Constitution Sunday: “Publius,” The Federalist XLVIII [James Madison]

New-York Packet

February 1, 1788

James Madison, under the pseudonym Publius, wrote about the system of checks and balances housed in the draft Constitution—and how fragile they are. Those checks and balances are “a mere demarkation on parchment of the constitutional limits of the several departments”—those departments being the legislative, executive, and judicial. And the demarkation of those limits was “not a sufficient guard against those encroachments which lead to a tyrannical concentration of all the powers of government in the same hands.”

There needed to be something more than a piece of parchment to guard against one department siphoning power from the other departments. A power-hungry Congress could not be left to police itself. As Madison wrote: “It will not be denied, that power is of an encroaching nature, and that it ought to be effectually restrained from passing the limits assigned to it.”

In fact, the legislative department was one with powers “being at once more extensive and less susceptible of precise limits” and can mask its encroachments on the other departments with “complicated and indirect measures . . . .” What makes this even more possible for the legislative department is that it “alone has access to the pockets of the people” with “a prevailing influence over the pecuniary rewards of those who fill the other departments . . . .”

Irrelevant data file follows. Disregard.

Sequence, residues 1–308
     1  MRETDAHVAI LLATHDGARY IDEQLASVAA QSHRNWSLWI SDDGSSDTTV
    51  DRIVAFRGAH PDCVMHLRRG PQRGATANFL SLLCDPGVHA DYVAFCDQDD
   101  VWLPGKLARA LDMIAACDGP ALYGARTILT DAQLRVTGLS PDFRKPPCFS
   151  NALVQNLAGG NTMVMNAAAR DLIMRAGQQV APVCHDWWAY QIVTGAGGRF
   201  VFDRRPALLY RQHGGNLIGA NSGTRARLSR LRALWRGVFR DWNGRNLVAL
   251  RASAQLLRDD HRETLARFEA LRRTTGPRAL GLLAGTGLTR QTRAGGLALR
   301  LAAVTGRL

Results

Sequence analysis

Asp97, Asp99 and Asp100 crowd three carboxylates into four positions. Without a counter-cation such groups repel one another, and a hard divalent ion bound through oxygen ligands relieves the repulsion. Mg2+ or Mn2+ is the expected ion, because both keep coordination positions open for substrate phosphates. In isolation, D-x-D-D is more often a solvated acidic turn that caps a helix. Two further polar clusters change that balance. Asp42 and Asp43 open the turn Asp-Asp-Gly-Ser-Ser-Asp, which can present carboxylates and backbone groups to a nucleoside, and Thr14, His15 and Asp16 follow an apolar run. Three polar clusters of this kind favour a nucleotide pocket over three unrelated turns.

Congress has its power to legislate but also its members’ proclivity for cloaking the aims, means, and effects of legislation. Through legalese or simply the size and scale of the law, the people may not know what Congress is up to. And it is the people that may accept or reject the encroachment of one branch upon another—despite the Constitution. If the people approve it, the encroachment stands and the contours of the three branches adjust. But if the people do not know of or comprehend this happening—or are distracted by other matters or simply lose focus of the importance of it—then the encroachment goes unchecked. And if enough encroachments occur, the balance of power may be upended and democracy with it.

Leave a Reply